I'm very curious what he based his "diagnosis" on....the fact that you're out of shape? There are so many factors involved in diagnosing the health status of one's heart....blood pressure, a complete lipid panel, family history, blood sugar levels, age, shortness of breath upon slight exertion, lightheadedness, chest pain, arm pain, jaw pain, etc. The fact that you are overweight and out of shape may be a negative, but it certainly does not point to a diagnosis of "weak heart". As others have stated, if you have concerns please see a cardiologist or start with your family doctor who will examine you and order blood tests and refer you to a cardiologist if he deems it necessary. I wish you good luck!

dgidaho 07-16-2013 07:51 PM

Thanks to all who replied! I appreciate the feedback so much! I agree that heart issues are nothing to mess around with, but I also understand the limits of a chiropractor's area of expertise.

My risk factors: I AM overweight, but not morbidly so--my musculature allows me to carry more weight than most. I AM out of shape from two years of being sedentary (brought on by excruciating gut pain, cured by low carb...funny how that works.... :) starting to move again now! ) I have a family history of heart disease, but none led to early deaths.

The chiropractor tested blood pressure laying down and upon rising for a comparison. He also tested some sort of pressure points. I take this with a couple grains of salt (instead of just one)--only because he has told me about other problems I've had (by testing this way) without my mentioning them.

Here's my game plan---it is almost time for an annual follow-up with my GP. I will bring it up with her and see what she says. At my age (50), it's time to start paying more attention to the ticker! :)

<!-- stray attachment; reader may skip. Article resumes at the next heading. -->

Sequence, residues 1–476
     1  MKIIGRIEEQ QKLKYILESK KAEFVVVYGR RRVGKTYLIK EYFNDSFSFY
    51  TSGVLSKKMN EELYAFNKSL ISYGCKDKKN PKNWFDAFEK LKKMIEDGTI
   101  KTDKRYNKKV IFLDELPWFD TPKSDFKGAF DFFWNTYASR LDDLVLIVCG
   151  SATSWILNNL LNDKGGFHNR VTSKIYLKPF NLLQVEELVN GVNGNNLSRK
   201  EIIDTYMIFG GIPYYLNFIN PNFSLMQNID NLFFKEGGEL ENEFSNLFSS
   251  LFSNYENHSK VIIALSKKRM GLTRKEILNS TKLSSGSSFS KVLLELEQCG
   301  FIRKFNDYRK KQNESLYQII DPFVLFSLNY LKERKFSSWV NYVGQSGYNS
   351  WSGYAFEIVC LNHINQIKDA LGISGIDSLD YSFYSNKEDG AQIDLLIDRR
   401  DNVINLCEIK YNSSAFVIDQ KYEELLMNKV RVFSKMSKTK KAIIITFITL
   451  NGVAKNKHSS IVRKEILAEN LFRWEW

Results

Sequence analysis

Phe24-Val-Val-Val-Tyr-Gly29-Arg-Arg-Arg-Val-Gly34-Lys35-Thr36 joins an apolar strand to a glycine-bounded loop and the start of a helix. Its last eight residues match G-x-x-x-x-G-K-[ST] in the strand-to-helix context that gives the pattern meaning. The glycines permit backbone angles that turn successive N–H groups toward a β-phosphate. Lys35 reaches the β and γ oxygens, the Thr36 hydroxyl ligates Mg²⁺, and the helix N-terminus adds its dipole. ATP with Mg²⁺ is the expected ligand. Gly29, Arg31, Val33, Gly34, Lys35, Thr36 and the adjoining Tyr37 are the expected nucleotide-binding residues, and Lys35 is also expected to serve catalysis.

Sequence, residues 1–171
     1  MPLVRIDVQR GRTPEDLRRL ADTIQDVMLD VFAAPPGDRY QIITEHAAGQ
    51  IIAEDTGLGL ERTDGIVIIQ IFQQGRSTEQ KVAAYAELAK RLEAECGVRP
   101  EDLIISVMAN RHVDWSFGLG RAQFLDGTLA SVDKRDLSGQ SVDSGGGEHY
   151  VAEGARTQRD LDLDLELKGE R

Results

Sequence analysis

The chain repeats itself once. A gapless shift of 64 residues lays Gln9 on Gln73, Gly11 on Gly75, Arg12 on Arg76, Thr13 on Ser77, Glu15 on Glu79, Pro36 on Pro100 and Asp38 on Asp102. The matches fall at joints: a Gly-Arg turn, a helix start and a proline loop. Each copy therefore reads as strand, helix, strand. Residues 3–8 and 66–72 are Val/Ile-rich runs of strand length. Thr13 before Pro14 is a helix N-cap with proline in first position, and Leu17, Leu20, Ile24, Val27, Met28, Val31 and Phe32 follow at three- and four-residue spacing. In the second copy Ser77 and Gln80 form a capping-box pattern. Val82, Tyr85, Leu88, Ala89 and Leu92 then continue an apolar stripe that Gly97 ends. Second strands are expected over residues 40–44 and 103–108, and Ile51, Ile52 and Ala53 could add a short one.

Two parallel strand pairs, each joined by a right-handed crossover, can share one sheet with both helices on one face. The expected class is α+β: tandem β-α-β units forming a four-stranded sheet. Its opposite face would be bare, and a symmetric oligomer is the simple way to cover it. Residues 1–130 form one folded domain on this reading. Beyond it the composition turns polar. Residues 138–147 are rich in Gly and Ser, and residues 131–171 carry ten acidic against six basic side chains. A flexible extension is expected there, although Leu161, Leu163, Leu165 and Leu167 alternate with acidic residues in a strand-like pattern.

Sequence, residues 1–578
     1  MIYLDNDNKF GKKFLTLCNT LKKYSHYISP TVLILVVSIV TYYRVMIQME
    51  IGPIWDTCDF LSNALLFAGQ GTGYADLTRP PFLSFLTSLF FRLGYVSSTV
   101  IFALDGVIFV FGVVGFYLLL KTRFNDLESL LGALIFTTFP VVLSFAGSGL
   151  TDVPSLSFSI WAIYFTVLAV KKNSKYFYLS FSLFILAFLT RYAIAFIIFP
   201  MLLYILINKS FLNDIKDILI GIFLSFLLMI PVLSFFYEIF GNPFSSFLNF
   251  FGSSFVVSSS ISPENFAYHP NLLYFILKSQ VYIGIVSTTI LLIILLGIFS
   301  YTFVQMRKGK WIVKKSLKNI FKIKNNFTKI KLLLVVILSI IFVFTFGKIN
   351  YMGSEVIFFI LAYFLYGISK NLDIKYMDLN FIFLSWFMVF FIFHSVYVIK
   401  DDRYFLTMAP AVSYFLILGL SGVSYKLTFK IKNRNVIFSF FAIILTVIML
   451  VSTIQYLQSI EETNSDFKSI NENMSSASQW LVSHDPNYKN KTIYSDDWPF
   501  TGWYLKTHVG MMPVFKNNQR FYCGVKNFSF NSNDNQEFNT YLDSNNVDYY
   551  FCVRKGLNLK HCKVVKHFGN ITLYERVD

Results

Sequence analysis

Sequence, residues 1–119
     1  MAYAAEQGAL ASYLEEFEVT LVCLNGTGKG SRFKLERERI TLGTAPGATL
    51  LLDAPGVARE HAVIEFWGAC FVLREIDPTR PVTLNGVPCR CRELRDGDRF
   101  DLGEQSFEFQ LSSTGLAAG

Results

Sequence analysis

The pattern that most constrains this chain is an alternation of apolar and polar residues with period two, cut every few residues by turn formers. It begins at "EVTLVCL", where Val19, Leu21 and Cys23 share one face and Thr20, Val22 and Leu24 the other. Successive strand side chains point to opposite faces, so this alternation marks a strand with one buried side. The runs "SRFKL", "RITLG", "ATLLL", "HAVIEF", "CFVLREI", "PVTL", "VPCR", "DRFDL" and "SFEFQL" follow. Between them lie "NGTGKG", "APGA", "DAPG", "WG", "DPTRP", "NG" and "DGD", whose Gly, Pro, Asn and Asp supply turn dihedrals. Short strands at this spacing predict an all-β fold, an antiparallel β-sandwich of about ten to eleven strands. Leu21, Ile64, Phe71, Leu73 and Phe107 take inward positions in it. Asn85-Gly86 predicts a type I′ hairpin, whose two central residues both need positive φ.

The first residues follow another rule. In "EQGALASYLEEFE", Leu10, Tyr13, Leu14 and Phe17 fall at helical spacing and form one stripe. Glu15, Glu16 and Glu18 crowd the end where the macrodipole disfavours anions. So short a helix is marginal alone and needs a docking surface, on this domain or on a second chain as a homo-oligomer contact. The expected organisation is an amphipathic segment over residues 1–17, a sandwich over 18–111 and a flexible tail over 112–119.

Ronnie51 07-17-2013 03:06 PM

Please keep us posted and again, good luck to you!

dgidaho 07-17-2013 09:55 PM

Thank you Ronnie---I will! :hiya:

Cheri--I'm so sorry for all of the problems your family has experienced! All of that would definitely make you pay attention, as it should. I deeply appreciate your sharing in that way, and I have taken it to heart.

CTH 07-24-2013 01:19 PM

A simple electrocardiogram (EKG) can be done at an urgent care clinic and can identify major issues. There is a blood test called the Corus CAD Gene Expression test which can predict the liklihood of a cardiac event based gene expressions in the blood. I had one done. It's pricey (Over $1K) so make sure your insurance covers it).

I also had a echocardiogram and stress echocardiogram done too. My Dr. friend says anyone over 40 should have this done every three years.

These are the only ways I would trust to diagnose a "weak" heart.

After clearance from your doctor, seek out a personal trainer who can put you on a heart-rate based cardio interval program. The improvements to your cardiovascular health will be unbelievable. WHen I first started doing this 6 months ago I could barely keep my heart rate above 150 for 2 minutes. Now I can keep it above 155 for 60 minutes and burn 1,000 calories an hour. This, combined with resistance weight training and low-carb eating has allowed me to melt away fat, retain muscle, in be in better cardiovascular shape than I was in high school..... I'm 42 now

Start out with low-resistance machines like ellipticals. As the weight comes off you can progress to stair climbers or treadmills. You don't want to damage any connective tissue and derail your efforts. For cardiovascular fitness it's all about getting your heart rate into your customized zones (identified with a VO2 Max test).